The Church’s Declaration of Religious Freedom

As a Catholic, I cannot attempt to rethink religious liberty without consulting the Second Vatican Council’s Dignitatis Humanae, subtitled (if we might call it that) “On the Right of the Person and of Communities to Social and Civil Freedom in Matters Religious.”

But “consult” is the wrong word. The Council’s statements are binding on me as a Catholic. As Vatican II’s Lumen Gentium makes clear, “Bishops, teaching in communion with the Roman Pontiff, are to be respected by all as witnesses to divine and Catholic truth. In matters of faith and morals, the bishops speak in the name of Christ and the faithful are to accept their teaching and adhere to it with a religious assent” (LG, 25).

Whatever this Declaration of Religious Freedom might mean, it cannot mean my freedom to dissent from the Council’s pronouncements about religious freedom. And this is what Dignitatis Humanae has to say:

This Vatican Council declares that the human person has a right to religious freedom. This freedom means that all men are to be immune from coercion on the part of individuals or of social groups and of any human power, in such wise that no one is to be forced to act in a manner contrary to his own beliefs, whether privately or publicly, whether alone or in association with others, within due limits.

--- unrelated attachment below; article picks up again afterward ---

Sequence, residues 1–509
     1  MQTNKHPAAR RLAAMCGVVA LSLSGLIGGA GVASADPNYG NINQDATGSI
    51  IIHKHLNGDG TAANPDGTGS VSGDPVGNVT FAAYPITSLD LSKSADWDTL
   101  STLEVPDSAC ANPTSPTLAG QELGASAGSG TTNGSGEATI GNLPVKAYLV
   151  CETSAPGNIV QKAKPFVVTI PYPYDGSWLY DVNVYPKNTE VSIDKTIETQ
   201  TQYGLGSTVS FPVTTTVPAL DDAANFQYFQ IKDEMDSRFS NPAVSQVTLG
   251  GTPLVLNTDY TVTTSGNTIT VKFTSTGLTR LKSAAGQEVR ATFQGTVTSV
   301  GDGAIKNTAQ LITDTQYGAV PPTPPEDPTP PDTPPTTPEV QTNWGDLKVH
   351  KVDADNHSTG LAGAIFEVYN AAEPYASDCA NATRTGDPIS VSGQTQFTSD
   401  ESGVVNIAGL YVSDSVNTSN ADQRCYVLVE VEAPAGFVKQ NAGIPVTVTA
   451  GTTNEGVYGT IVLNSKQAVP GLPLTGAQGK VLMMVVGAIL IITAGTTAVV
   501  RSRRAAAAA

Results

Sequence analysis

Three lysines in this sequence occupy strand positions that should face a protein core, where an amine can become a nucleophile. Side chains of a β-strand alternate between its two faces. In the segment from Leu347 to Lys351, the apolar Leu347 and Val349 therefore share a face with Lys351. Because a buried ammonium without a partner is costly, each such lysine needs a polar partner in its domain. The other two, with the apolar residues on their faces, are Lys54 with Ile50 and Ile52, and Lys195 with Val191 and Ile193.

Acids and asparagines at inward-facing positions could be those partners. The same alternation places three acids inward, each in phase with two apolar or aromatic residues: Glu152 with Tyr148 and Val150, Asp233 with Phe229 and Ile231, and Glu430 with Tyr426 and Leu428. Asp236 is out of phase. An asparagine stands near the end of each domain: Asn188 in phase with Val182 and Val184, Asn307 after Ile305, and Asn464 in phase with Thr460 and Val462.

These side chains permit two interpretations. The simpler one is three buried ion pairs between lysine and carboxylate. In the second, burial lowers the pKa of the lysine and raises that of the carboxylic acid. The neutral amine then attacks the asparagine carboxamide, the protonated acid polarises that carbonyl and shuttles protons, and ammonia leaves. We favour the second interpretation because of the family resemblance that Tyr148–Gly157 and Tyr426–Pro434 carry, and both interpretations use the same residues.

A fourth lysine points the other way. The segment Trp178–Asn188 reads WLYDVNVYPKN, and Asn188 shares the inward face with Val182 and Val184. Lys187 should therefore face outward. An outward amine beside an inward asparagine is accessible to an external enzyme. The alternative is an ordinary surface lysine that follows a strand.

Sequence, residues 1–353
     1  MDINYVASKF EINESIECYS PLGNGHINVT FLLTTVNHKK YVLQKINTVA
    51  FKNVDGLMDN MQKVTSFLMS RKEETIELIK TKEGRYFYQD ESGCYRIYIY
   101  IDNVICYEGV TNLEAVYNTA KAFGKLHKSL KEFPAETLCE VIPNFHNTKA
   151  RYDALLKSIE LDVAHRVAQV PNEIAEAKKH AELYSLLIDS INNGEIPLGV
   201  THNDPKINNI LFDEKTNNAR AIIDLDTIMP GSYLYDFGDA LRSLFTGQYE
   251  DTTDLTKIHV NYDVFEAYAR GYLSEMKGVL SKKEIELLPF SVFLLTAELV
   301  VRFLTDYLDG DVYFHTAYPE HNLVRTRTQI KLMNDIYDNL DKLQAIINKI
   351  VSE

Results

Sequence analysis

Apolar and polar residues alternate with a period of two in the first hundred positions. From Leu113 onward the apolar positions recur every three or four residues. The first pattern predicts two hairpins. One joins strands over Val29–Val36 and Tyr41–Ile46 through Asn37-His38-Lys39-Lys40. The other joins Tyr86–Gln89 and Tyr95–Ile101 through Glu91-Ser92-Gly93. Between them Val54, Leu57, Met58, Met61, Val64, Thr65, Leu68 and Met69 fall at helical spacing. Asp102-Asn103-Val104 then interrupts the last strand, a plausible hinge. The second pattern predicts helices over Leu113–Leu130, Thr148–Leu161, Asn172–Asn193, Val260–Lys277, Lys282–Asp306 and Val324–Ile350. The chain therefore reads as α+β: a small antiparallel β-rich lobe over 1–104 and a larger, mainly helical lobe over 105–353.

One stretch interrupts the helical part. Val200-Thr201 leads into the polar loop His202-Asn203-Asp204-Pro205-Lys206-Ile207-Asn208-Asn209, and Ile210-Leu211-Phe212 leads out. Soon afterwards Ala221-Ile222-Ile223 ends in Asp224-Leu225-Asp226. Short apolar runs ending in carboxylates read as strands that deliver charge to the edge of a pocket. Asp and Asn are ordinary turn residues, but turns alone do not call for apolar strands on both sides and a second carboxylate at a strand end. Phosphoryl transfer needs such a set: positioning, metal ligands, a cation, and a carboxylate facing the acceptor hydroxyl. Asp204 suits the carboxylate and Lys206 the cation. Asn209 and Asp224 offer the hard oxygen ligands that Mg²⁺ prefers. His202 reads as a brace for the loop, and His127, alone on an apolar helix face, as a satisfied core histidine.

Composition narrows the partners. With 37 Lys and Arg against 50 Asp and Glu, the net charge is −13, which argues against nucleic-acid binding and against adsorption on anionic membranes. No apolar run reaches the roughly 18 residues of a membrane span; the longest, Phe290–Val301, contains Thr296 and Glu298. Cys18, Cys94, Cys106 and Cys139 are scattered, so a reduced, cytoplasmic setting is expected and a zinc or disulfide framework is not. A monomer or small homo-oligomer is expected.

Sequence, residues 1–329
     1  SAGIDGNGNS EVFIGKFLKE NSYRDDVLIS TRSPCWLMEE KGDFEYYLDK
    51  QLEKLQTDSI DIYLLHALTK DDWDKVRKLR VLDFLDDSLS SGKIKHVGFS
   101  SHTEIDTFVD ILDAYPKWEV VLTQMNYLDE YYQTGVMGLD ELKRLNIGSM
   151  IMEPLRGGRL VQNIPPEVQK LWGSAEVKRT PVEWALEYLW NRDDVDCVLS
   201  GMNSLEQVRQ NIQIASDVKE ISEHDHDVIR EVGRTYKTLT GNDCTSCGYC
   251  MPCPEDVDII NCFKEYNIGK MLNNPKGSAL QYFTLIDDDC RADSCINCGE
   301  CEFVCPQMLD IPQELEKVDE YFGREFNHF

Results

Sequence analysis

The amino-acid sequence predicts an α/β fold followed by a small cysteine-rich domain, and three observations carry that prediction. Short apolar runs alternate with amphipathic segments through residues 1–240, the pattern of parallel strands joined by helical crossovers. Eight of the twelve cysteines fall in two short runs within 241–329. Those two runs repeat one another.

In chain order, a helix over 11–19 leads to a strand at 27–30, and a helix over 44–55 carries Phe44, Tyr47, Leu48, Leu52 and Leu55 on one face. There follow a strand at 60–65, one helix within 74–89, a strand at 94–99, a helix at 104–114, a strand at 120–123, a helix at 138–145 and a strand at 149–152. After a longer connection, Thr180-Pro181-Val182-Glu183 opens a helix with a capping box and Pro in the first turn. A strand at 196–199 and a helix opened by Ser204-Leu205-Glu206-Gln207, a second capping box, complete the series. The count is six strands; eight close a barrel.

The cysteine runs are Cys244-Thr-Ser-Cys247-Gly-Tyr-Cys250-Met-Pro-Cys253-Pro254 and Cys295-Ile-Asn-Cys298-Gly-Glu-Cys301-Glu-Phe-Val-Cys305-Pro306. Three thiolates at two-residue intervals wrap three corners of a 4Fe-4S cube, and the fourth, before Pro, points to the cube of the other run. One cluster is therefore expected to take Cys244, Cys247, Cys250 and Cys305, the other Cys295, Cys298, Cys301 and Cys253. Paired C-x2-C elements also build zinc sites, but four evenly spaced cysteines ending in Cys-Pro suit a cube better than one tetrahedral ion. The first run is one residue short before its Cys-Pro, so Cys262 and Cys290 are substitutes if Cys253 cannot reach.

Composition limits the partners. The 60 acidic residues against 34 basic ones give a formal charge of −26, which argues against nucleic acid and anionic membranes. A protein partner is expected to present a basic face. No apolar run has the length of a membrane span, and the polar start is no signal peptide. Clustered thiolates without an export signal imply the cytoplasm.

The council further declares that the right to religious freedom has its foundation in the very dignity of the human person as this dignity is known through the revealed word of God and by reason itself.  This right of the human person to religious freedom is to be recognized in the constitutional law whereby society is governed and thus it is to become a civil right.

But here’s the tricky part: “the right to religious freedom has its foundation in the very dignity of the human person as this dignity is known through the revealed word of God and by reason.”

Freedom’s ultimate roots

According to the Catechism, “The dignity of the human person is rooted in his creation in the image and likeness of God,” an obvious reference to Genesis 1:26-27.  Moreover, “The divine image is present in every man” (CCC, 1700-1702). Human reason is able to grasp this truth insofar as it affirms that we are endowed with a “spiritual and immortal soul,” which is the source of man’s capacity to reason. “By his reason, he is capable of understanding the order of things established by the Creator. By free will, he is capable of directing himself toward his true good.”